Mapping child growth failure across low- and middle-income countries

Kinyoki,, D.K, Osgood-Zimmerman,, A.E, Pickering,, B.V. , Ahmadi, Keivan, Local Burden of Disease Child Growth Failure Collaborators, , Kassebaum,, N.J and Hay,, S.I (2020) Mapping child growth failure across low- and middle-income countries. Nature, 577 . pp. 231-234. ISSN 0028-0836

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Mapping child growth failure across low- and middle-income countrie
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Childhood malnutrition is associated with high morbidity and mortality globally. Undernourished children are more likely to experience cognitive, physical, and metabolic developmental impairments that can lead to later cardiovascular disease, reduced intellectual ability and school attainment, and reduced economic productivity in adulthood. Child growth failure (CGF), expressed as stunting, wasting, and underweight in children under fve years of age (0–59 months), is a specifc subset of undernutrition characterized by insufcient height or weight against age-specifc growth reference standards. The prevalence of stunting, wasting, or underweight in children under fve is the proportion of children with a height-for-age, weight-for-height, or weight-for-age z-score, respectively, that is more than two standard deviations below the World Health Organization’s median growth reference standards for a healthy population. Subnational estimates of CGF report substantial heterogeneity within countries, but are available primarily at the frst administrative level (for example, states or provinces); the uneven geographical distribution of CGF has motivated further calls for assessments that can match the local scale of many public health programmes. Building from our previous work mapping CGF in Africa, here we provide the frst, to our knowledge, mapped highspatial-resolution estimates of CGF indicators from 2000 to 2017 across 105 low- and middle-income countries (LMICs), where 99% of afected children live, aggregated topolicy-relevant frst and second (for example, districts or counties) administrativelevel units and national levels. Despite remarkable declines over the study period, many LMICs remain far from the ambitious World Health Organization Global Nutrition Targets to reduce stunting by 40% and wasting to less than 5% by 2025. Large disparities in prevalence and progress exist across and within countries; our maps identify high-prevalence areas even within nations otherwise succeeding in reducing overall CGF prevalence. By highlighting where the highest-need populations reside, these geospatial estimates can support policy-makers in planning interventions that are adapted locally and in efciently directing resources towards reducing CGF and its health implications.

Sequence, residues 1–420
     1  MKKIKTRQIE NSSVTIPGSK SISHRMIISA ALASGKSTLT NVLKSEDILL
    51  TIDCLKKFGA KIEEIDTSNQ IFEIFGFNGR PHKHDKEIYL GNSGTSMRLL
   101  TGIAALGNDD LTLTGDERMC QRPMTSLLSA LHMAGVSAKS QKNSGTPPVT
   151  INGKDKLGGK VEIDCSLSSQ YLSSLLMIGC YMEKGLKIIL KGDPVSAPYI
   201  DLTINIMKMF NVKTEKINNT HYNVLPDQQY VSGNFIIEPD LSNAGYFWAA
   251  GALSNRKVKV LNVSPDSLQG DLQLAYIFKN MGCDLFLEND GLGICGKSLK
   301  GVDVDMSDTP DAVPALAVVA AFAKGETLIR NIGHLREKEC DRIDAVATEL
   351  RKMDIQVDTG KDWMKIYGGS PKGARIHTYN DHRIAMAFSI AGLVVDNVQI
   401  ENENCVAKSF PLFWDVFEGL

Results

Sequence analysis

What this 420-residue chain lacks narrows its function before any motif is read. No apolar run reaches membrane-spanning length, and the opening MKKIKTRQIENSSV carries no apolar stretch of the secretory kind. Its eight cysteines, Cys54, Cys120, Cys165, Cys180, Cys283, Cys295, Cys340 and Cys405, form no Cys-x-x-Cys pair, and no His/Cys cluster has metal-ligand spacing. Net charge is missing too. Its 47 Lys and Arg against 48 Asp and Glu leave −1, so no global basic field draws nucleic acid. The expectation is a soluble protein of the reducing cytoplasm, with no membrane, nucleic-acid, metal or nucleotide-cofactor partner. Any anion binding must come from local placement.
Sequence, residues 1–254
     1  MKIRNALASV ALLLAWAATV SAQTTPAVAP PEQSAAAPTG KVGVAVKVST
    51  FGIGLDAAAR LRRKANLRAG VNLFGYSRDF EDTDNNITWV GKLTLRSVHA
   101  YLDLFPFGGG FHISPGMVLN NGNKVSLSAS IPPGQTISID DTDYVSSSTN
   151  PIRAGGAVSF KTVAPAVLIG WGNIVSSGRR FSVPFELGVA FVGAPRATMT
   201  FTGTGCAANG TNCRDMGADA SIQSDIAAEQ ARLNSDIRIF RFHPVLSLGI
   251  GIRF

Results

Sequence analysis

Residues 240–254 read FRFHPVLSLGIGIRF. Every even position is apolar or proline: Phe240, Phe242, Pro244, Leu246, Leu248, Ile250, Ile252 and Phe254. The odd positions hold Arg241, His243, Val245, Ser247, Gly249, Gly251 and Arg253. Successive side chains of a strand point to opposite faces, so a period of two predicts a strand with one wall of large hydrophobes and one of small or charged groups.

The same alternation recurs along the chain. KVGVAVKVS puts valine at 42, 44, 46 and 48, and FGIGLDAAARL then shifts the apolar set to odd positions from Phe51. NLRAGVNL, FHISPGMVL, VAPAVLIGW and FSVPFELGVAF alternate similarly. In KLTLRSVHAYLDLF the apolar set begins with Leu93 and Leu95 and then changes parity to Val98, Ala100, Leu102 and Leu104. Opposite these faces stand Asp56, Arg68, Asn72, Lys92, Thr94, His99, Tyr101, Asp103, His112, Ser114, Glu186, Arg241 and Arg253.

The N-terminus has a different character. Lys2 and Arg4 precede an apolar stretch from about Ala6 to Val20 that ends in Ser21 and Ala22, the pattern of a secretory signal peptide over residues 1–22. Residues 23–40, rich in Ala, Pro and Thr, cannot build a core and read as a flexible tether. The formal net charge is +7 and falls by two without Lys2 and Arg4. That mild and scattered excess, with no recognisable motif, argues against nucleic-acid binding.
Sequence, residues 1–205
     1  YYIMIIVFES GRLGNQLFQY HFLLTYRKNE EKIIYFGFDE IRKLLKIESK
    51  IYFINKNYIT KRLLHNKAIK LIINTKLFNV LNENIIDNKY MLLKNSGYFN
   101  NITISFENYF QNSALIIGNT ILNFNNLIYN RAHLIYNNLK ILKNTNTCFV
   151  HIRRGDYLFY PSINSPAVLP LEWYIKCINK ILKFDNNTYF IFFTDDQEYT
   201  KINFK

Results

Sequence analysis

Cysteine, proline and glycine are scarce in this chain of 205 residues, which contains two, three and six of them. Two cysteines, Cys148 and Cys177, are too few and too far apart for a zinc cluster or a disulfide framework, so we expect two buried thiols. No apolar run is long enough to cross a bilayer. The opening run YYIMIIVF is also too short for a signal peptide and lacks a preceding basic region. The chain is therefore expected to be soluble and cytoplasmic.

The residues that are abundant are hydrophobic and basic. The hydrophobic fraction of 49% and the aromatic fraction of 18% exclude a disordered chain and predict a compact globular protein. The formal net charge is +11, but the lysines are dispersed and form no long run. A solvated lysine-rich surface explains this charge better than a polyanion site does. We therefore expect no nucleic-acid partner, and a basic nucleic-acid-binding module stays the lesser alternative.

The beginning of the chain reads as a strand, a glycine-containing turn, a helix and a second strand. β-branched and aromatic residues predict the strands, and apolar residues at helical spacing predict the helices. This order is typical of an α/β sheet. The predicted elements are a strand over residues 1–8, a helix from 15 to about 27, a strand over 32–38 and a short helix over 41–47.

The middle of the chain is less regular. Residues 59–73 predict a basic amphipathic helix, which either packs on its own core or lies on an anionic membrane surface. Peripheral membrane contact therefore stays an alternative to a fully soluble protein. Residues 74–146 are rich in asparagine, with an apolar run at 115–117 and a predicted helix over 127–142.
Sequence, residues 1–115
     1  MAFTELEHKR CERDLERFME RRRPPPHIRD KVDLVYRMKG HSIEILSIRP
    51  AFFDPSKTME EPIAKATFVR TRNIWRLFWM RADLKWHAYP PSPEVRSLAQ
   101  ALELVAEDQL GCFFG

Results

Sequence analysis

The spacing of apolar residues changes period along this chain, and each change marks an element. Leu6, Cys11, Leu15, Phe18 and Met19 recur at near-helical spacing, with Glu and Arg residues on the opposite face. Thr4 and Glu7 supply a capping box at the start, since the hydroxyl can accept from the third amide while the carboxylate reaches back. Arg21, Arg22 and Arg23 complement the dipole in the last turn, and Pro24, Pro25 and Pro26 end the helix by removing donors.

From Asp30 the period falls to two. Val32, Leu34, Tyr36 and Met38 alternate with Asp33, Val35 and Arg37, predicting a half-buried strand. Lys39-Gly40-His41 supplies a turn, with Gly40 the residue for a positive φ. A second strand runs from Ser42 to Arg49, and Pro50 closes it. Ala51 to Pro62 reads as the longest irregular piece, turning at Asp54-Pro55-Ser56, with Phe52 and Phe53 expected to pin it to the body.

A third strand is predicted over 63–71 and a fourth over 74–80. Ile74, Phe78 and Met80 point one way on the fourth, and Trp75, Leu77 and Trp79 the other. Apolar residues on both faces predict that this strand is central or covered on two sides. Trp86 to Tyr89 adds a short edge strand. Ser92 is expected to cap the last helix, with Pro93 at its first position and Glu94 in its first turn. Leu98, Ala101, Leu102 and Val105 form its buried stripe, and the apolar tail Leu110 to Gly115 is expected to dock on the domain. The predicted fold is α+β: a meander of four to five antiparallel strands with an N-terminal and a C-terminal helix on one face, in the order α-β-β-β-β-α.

Keywords:Child Growth Failure, Middle-income countries
Subjects:A Medicine and Dentistry > A900 Others in Medicine and Dentistry
Divisions:College of Science
ID Code:39852
Deposited On:20 Jan 2020 16:54

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